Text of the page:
XaTek announced that it has raised $9.1 million to advance the development of ClotChip — a portable test designed to rapidly analyze, using a single drop of blood, the ability of a person’s blood to clot.
The capital was raised in a series A financing round, which marks a company’s first significant round of money-raising from venture capital investors.
The money will be used to finish bring the Ohio-based company’s device into clinical trials that may lead to a request to the U.S. Food and Drug Administration for product clearance, or a right to market ClotChip, by mid-2021, XaTek said in a press release.
ClotChip was developed by researchers at Case Western Reserve University applying the principles of miniaturized dielectric spectroscopy — a patented electrical technique developed by university engineers less than 10 years ago.
ClotChip applies an external electric field to a drop of blood, then measures how the droplet affects the field. That response is indicative of the blood’s ability to clot; results ca be sent to devices connected by Wi-Fi or Bluetooth. The device also gives “qualitative feedback as to the quality and firmness of the forming blood clot,” the company reports.
ClotChip can determine blood clotting ability 95 times faster than current methods, the company reports. This is especially beneficial as patients can be tested in a physician’s office rather than going to a lab for coagulation tests, results of which can take several weeks.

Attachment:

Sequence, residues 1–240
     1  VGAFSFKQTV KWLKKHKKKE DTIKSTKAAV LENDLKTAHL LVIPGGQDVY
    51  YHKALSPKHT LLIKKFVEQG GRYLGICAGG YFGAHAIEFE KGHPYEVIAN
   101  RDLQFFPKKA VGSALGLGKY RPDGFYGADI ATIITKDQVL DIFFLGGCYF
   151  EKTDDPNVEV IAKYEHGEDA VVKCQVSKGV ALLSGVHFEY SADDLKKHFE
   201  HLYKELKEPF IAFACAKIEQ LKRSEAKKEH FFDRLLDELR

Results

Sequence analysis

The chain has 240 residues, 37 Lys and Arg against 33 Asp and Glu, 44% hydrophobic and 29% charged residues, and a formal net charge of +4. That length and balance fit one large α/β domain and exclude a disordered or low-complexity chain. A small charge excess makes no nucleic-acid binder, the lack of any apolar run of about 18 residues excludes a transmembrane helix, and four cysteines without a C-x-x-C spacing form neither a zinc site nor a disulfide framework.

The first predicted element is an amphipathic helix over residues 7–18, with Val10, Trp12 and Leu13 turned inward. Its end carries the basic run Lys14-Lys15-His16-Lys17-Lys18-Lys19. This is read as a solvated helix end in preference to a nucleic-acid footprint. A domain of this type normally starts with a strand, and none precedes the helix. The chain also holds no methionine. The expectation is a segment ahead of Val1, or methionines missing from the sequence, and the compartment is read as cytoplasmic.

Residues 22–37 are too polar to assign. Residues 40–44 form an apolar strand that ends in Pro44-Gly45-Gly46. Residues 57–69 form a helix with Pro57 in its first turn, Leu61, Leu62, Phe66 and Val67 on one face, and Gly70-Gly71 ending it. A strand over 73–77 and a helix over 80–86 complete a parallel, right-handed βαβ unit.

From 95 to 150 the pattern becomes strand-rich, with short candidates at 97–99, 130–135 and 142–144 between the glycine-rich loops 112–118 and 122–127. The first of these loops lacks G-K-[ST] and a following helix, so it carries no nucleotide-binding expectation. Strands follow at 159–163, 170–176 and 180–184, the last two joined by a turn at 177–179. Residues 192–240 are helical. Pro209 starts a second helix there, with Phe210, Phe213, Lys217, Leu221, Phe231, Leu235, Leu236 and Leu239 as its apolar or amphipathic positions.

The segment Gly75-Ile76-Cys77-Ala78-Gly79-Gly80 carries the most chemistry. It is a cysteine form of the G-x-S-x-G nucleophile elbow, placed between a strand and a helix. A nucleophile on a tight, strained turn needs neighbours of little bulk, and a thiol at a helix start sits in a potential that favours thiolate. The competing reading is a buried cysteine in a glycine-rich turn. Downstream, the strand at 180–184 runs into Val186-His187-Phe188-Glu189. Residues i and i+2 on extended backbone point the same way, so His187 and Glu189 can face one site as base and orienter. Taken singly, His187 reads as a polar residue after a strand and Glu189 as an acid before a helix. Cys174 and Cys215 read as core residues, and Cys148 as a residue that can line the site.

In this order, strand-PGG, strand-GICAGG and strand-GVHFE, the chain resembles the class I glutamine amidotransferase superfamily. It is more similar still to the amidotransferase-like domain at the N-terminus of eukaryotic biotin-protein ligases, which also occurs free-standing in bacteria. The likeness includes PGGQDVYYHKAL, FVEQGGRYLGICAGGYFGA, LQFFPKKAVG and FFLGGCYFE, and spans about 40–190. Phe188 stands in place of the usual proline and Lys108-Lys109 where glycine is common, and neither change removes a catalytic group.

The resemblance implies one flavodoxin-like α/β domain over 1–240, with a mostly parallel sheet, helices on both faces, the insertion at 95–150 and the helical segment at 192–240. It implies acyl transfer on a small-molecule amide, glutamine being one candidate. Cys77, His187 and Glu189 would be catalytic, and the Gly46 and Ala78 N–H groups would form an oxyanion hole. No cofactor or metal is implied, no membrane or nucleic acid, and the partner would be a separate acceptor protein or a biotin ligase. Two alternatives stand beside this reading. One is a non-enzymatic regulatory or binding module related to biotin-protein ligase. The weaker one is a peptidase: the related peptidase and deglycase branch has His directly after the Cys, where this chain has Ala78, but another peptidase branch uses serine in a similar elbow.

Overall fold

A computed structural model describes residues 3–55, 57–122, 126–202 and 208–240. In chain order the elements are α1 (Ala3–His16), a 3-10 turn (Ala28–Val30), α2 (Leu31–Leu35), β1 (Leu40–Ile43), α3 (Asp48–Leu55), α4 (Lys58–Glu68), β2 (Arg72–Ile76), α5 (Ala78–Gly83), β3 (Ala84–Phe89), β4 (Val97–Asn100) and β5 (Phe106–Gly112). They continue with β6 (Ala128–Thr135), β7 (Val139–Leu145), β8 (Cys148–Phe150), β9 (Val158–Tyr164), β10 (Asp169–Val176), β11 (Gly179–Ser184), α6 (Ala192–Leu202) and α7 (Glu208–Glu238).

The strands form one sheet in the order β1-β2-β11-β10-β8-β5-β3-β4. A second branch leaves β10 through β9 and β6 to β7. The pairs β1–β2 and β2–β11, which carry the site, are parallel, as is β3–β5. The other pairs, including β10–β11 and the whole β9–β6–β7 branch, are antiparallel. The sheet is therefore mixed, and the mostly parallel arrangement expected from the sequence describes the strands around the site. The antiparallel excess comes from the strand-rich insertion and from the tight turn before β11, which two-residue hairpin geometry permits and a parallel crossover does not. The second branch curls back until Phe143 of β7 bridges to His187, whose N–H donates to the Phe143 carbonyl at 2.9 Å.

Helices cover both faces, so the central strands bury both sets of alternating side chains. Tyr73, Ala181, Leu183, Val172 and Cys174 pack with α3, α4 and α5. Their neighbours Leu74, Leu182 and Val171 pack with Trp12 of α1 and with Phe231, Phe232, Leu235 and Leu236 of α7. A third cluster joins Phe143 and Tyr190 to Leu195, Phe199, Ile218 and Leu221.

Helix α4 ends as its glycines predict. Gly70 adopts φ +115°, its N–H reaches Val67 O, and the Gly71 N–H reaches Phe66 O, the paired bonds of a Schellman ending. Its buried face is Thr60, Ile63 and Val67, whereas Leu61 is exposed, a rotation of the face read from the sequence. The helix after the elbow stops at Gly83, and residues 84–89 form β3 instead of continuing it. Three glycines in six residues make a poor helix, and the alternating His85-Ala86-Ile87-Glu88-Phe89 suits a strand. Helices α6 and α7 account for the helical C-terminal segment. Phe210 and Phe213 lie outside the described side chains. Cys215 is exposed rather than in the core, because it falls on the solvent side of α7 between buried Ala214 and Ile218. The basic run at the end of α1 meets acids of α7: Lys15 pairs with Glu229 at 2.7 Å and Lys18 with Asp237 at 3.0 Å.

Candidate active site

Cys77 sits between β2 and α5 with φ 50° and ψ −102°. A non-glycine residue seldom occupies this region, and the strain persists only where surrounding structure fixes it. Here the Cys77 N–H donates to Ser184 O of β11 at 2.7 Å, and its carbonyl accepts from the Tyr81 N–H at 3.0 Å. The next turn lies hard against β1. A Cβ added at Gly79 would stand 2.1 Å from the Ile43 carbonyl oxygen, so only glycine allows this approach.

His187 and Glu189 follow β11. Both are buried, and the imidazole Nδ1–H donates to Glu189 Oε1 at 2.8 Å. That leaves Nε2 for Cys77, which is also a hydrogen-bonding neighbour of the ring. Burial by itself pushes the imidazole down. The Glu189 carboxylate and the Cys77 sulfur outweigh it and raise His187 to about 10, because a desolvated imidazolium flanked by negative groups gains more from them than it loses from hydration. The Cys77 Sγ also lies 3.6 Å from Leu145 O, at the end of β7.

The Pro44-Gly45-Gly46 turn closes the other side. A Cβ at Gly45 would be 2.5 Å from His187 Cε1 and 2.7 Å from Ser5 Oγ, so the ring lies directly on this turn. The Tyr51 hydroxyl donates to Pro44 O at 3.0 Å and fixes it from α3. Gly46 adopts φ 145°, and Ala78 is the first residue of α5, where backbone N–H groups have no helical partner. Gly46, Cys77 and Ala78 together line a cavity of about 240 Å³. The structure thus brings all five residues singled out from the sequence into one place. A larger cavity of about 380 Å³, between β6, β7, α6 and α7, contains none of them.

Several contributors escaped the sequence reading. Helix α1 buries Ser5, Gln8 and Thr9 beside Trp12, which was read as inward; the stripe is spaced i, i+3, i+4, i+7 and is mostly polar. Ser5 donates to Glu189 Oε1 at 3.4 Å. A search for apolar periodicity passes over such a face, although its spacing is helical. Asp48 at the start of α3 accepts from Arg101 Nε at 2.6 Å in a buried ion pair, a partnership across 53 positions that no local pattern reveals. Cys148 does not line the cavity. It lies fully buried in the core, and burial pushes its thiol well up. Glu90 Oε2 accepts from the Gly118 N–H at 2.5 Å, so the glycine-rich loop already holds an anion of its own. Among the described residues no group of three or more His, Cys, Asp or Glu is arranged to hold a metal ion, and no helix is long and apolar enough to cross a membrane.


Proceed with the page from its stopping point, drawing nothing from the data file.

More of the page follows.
“The ClotChip sensor provides us with a platform technology that has the unique advantage of solving existing diagnostic issues for a number of medical conditions,” John Zak, company president and chief executive officer, said in the release.
Xatek was granted an exclusive license to develop the ClotChip technology for commercial use by Case Western Reserve University’s Technology Transfer Office in 2016. The technology is co-owned by the U.S. Department of Veterans Affairs (VA).
“We are excited to see the investor community’s enthusiasm to support further development of ClotChip, and look forward to the day when this innovative technology augments the quality of life for a range of patients on the spectrum of blood-coagulation disorders,” said Pedram Mohseni, a professor of electrical engineering and computer science at Case Western Reserve.
Mohseni developed ClotChip alongside Michael Suster, a senior research associate, Debnath Maji, a PhD candidate, and Evi Stavrou, an assistant professor of hematology and oncology.
The technology is detailed in the paper, “ClotChip: A Microfluidic Dielectric Sensor for Point-of-Care Assessment of Hemostasis,” published in 2017 in the journal IEEE Transactions on Biomedical Circuits and Systems.
XaTek expects that ClotChip will be of benefit to hemophilia patients and others with bleeding disorders, as well as trauma patients and people using new-generation blood thinners.
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